Things I have learned by joining the local Methodist Church’s coffee & knitting circle (where I am the only person under 60 years old):
How to double knit very, very quickly
Mrs. Jonson on the third pew won’t mind her own business, bless her heart. And she buys her pies pre-made for all the church functions.
Ways that women cheated the system in 1950s Texas to get into college and start careers. Including a memorable “He told me I wouldn’t last a week, but then 6 years later, I had to let him go because his production was way down.” *drinks sip of coffee*
We Might Be Conservative But Gosh Darn That Trump Bless His Heart He Doesn’t Know Anything About God Or Texas
And On That Note, God And Texas Are The Only Good Things Left In The World. Erin Write That Down.
How to rescue a dropped stitch and make it look like it never happened
Public schools and inclusive, desegregated education will single-handedly save the world
Sharing recipes is a sacred bonding and community-building tradition that rivals the greatest political negotiations and land deals in history
“It’s better that you prefer girls honey, the Boyfriend Curse doesn’t apply to your girlfriend and a lovin’ god’ll keep on a-lovin. You better make that girl a sweater.’”
(Boyfriend Curse = knit a sweater for a boy and he’ll leave you when you finish it)
Mrs. Barbara’s husband cheated in ‘76, resulting in a divorce. She thought it was the end of the world because her youth had already passed, but now she’s an engineer and married to a kind, good man who she met when she went back to college in ‘79.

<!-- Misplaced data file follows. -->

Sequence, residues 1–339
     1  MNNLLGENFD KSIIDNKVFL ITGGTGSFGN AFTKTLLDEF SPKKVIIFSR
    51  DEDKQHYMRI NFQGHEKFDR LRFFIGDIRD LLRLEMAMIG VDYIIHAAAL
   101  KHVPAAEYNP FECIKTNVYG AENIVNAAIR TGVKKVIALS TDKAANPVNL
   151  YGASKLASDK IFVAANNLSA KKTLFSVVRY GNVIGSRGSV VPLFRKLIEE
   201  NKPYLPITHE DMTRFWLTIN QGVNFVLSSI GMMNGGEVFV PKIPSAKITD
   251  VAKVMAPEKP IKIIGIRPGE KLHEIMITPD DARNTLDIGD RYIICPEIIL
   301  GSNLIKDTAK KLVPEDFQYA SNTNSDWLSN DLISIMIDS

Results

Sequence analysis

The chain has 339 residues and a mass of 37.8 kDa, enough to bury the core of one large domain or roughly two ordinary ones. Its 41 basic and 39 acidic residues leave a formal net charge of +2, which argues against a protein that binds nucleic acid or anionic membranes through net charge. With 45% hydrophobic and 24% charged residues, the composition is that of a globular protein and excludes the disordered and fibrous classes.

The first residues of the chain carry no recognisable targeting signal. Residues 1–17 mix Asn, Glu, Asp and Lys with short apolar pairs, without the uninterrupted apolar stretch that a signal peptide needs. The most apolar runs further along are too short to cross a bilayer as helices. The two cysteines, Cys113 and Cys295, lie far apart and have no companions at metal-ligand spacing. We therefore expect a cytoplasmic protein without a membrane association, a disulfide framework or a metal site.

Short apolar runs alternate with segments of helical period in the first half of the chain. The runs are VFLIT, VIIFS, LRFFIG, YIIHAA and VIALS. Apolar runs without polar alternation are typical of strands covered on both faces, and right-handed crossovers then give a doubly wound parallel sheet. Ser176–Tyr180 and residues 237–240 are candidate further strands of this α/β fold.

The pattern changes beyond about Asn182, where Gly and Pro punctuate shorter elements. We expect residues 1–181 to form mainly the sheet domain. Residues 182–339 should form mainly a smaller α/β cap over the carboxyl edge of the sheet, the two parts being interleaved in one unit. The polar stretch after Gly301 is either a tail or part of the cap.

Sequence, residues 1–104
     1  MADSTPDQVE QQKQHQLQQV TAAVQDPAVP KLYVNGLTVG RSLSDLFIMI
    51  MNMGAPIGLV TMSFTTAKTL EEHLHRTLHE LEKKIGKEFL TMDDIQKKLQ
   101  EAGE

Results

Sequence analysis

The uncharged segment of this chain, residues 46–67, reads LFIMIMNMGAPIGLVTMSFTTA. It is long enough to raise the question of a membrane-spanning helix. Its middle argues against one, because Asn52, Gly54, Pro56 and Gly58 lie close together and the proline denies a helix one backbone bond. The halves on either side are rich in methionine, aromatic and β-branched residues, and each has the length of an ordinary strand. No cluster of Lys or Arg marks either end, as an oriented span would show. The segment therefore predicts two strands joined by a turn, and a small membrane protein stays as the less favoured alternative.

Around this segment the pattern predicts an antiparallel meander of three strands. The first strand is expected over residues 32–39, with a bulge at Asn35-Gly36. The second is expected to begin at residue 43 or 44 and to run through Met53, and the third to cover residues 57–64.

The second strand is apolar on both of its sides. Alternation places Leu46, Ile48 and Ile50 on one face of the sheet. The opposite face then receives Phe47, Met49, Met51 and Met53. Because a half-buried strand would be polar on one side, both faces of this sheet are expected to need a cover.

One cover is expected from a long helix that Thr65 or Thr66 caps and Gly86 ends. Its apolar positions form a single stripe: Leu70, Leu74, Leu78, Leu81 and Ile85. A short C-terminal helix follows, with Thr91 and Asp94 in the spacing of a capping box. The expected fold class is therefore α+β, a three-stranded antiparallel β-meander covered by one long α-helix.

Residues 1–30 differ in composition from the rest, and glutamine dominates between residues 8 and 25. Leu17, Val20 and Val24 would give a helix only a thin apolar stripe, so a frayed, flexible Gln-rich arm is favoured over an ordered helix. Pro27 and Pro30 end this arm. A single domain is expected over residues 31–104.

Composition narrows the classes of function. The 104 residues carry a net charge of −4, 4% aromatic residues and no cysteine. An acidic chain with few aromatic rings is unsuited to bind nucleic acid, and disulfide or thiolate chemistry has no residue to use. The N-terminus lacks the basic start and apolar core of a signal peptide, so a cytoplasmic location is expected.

“The only things you can trust in are God, your good sense, and the wisdom of those older women you grew up admiring. The rest is crap.”
“We can’t manipulate time or space in the way that someone like Doctor Strange can, with his powers in this film and beyond - but we can definitely practice mindfulness, we can practice the ability to be present, kind, considerate, and strong and resilient, true to what we believe - and I think we all need to find what that is these days, but I wouldn’t want to escape what’s going on in the world now by going forward or backwards.” - Benedict Cumberbatch (x)
What if the Hogwarts sorting process is less about who you are, and more about what you need?
The sorting hat sees a boy thrust into a new world he barely understands, a boy desperate not to blend in with the crowd, and a girl who would sink as deep into her books as she is allowed, and says- what do these children need? They need courage. The courage to keep moving forward despite overwhelming circumstances and high stakes, the courage to see themselves as heroes, the courage to speak up and speak out against injustice.
The hat sees a lost girl whose world has been shattered, who can’t be bothered to fit the world she sees to others’ standards, and says- what does she need? Knowledge. The knowledge of how and why things happen, and the wisdom to accept the things she cannot change.
The hat sees a boy desperate to fill his father’s shoes, used to getting his way and confused at a world that works differently than he was taught. The hat says- he needs power. He needs an identity that will remind him that he has worth, that he can be more than he is.
I wouldn’t want to attend a hogwarts that sorted based on what universal human trait I exhibited most often. I wouldn’t want to attend a hogwarts that sorted similar personalities into uniform groups. I would want to attend a hogwarts that sorts based on its students’ needs, doing its best to help them succeed.
When dumbledore says, “perhaps we sort too soon,” maybe he sees the good that a little bit of courage, instead of a sense of self-worth inflated into superiority, could have done Severus Snape.
Maybe the most dark wizards come out of slytherin because, despite their house’s best intentions, they never quite find the confidence they need there. And it is the unsatisfied, those most disenchanted with the system, who seek to destroy it.